From The Tri-Valley Herald:
Californias elections chief is proposing the toughest standards for voting systems in the country, so tough that they could banish ATM-like touch-screen voting machines from the state.For the first time, California is demanding the right to try hacking every voting machine with red teams of computer experts and to study the software inside the machines, line-by-line, for security holes.
The proposals are the first step toward fulfilling a promise that Secretary of State Debra Bowen made during her 2006 election campaign to perform a top-to-bottom review of all voting machinery used in California.
County elections officials balked at the proposed standards in a letter Monday to Bowen and hinted broadly at the same conclusion reached by several computer scientists: If enforced rigidly, the standards could send many voting machines, especially touch-screens, back for major upgrades. Local elections officials argued that there isnt enough time to fix any deficiencies before the February presidential primary.
When they moved that election up 119 days, I think the door closed on any significant changes to election systems for the presidential cycle in 2008, said Steve Weir, president of theCalifornia Association of Clerks and Elections Officials, and chief elections officer in Contra Costa County.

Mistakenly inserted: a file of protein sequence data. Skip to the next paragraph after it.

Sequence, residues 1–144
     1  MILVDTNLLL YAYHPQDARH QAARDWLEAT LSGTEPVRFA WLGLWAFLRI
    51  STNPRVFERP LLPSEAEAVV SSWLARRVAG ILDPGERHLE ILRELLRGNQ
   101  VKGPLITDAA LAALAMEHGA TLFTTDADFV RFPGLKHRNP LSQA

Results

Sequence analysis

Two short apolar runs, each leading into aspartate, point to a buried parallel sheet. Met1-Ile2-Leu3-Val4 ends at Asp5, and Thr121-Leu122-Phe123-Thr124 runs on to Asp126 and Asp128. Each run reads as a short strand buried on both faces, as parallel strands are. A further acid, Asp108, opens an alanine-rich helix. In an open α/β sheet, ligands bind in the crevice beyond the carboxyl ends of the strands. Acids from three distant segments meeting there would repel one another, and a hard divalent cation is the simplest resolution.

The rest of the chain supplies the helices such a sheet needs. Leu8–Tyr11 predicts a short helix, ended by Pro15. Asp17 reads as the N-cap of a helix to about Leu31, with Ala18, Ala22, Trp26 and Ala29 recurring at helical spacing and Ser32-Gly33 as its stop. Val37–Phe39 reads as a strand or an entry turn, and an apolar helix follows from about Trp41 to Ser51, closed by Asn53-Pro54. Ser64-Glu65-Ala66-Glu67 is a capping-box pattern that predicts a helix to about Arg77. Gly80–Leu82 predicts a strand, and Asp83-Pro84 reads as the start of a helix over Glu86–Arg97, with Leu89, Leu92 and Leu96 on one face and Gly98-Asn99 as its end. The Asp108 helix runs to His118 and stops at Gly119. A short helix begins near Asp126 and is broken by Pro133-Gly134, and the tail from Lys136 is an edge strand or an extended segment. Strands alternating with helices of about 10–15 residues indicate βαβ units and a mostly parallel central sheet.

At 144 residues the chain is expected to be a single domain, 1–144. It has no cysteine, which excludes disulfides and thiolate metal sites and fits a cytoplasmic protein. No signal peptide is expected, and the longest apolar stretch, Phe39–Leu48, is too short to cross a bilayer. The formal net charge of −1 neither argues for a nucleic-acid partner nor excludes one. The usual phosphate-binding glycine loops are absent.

Advocates for stronger security in voting machinery applauded Bowens standards and said it marked a refreshing change from regulating voting systems based heavily on what manufacturers were willing to sell.
This is the best news I’ve heard about electronic voting machines in quite some time, and a long time overdue. I find it particularly hilarious that county election officials are balking because none of the machines will pass this sort of stringent checking. Um… hello? If the machines can’t pass, doesn’t it stand to reason that they ought not to be used as the foundation of the democratic process?